Tuberculosis (TB) is a major health concern in South Africa, where prior to COVID-19 it was associated with more deaths than any other infectious disease. The COVID-19 pandemic disrupted gains made in the global response to TB, having a serious impact on the most vulnerable. COVID-19 and TB are both severe respiratory infections, where infection with one places individuals at increased risk for negative health outcomes for the other. Even after completing TB treatment, TB survivors remain economically vulnerable and continue to be negatively affected by TB.
This cross-sectional qualitative study, which was part of a larger longitudinal study in South Africa, explored how TB survivors’ experienced the COVID-19 pandemic and government restrictions. Participants were identified through purposive sampling and were recruited and interviewed at a large public hospital in Gauteng. Data were analyzed thematically, using a constructivist research paradigm and both inductive and deductive codebook development.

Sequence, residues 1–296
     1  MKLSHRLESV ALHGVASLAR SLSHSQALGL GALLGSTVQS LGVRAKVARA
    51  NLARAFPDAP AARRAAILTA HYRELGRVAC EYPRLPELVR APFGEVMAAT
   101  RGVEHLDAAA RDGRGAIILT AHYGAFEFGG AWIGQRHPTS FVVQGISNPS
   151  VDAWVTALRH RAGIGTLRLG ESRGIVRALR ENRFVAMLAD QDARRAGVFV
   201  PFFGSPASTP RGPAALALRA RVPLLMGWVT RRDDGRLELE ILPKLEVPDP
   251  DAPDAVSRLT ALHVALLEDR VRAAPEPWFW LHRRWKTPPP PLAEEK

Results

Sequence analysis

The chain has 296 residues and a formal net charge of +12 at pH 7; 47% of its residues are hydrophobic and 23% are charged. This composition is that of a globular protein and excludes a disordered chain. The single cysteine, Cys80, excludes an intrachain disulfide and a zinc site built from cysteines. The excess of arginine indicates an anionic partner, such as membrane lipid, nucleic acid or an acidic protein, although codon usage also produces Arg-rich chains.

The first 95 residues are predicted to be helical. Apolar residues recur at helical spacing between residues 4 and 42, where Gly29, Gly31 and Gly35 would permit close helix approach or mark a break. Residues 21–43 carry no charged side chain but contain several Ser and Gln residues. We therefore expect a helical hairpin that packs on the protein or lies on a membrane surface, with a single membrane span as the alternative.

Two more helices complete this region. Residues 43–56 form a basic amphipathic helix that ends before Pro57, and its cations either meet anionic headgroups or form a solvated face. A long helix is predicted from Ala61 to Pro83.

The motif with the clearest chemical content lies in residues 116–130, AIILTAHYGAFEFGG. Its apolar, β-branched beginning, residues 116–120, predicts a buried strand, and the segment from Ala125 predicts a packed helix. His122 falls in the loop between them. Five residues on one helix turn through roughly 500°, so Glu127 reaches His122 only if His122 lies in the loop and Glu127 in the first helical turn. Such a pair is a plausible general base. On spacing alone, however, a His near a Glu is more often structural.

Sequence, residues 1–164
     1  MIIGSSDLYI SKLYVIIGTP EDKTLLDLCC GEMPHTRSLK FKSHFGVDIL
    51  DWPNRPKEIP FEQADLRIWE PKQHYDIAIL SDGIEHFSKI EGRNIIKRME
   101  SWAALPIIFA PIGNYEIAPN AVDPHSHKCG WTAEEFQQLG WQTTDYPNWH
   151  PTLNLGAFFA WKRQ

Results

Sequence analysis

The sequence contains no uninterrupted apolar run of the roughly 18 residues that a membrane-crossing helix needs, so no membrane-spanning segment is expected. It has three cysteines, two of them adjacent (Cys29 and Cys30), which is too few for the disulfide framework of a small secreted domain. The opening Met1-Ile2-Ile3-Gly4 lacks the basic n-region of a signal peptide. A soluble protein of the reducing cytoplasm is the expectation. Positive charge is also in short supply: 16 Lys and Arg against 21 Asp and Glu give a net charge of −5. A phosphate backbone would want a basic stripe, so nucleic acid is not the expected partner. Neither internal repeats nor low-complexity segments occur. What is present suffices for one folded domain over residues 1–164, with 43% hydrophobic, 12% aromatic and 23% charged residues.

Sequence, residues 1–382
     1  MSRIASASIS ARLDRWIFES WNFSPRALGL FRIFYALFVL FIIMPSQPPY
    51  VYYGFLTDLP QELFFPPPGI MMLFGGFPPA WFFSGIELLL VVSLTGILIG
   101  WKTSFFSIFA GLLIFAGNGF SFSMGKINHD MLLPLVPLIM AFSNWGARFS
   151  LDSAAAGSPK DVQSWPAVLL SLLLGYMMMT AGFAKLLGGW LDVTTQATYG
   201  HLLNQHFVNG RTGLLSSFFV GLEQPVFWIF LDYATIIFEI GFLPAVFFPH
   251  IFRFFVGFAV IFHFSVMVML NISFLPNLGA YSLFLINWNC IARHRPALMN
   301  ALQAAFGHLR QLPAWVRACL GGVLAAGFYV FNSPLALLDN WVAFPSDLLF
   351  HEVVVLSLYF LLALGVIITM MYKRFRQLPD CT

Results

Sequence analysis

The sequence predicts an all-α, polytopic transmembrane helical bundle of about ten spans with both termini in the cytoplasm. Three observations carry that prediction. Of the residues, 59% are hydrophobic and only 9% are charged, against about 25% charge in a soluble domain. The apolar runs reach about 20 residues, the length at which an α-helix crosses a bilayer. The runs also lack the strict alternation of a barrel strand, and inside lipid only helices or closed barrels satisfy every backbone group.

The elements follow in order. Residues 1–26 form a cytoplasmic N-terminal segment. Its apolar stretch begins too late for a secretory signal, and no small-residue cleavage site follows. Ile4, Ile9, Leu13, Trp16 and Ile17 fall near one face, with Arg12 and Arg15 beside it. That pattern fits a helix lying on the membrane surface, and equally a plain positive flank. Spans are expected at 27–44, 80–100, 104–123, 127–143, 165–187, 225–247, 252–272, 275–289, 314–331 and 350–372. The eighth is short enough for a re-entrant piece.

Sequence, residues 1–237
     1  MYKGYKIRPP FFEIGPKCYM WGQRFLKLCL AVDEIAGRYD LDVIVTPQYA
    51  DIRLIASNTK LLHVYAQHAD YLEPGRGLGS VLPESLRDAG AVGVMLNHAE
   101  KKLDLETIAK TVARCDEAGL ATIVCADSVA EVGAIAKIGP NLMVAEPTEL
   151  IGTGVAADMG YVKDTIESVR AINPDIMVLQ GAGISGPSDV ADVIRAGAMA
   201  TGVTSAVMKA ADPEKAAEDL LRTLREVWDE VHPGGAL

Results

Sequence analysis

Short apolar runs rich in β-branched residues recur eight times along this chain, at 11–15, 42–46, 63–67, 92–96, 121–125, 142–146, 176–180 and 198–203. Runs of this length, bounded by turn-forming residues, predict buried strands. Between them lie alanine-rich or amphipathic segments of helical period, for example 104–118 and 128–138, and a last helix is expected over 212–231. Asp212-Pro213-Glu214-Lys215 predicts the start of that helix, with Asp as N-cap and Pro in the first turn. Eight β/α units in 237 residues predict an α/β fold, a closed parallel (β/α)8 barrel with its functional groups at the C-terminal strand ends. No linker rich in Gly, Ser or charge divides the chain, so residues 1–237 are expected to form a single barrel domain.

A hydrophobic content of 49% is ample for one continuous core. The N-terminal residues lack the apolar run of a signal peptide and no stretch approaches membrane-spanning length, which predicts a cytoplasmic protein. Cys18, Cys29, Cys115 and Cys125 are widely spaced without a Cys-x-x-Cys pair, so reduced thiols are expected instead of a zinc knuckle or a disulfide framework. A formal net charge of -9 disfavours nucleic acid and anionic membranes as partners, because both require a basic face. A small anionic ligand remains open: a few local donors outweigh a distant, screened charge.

Participants (n = 11) were adults (24–74 years of age; more than half male or foreign nationals) who had successfully completed treatment for pulmonary TB in the past two years. Participants were generally found to be physically, socioeconomically, and emotionally vulnerable, with the COVID-19 pandemic exacerbating or causing a recurrence of many of the same stressors they had faced with TB. Coping strategies during COVID similarly mirrored those used during TB diagnosis and treatment, including social support, financial resources, distraction, spirituality, and inner strength.
Implications and suggestions for future directions include fostering and maintaining a strong network of social support for TB survivors.
Scheunemann, A., Moolla, A., Mongwenyana, C., Mkize, N., Rassool, M., Jezile, V., & Evans, D. (2023). The lived experiences of tuberculosis survivors during the COVID-19 pandemic and government lockdown in South Africa: a qualitative analysis. BMC public health, 23(1), 1729. https://doi.org/10.1186/s12889-023-16657-w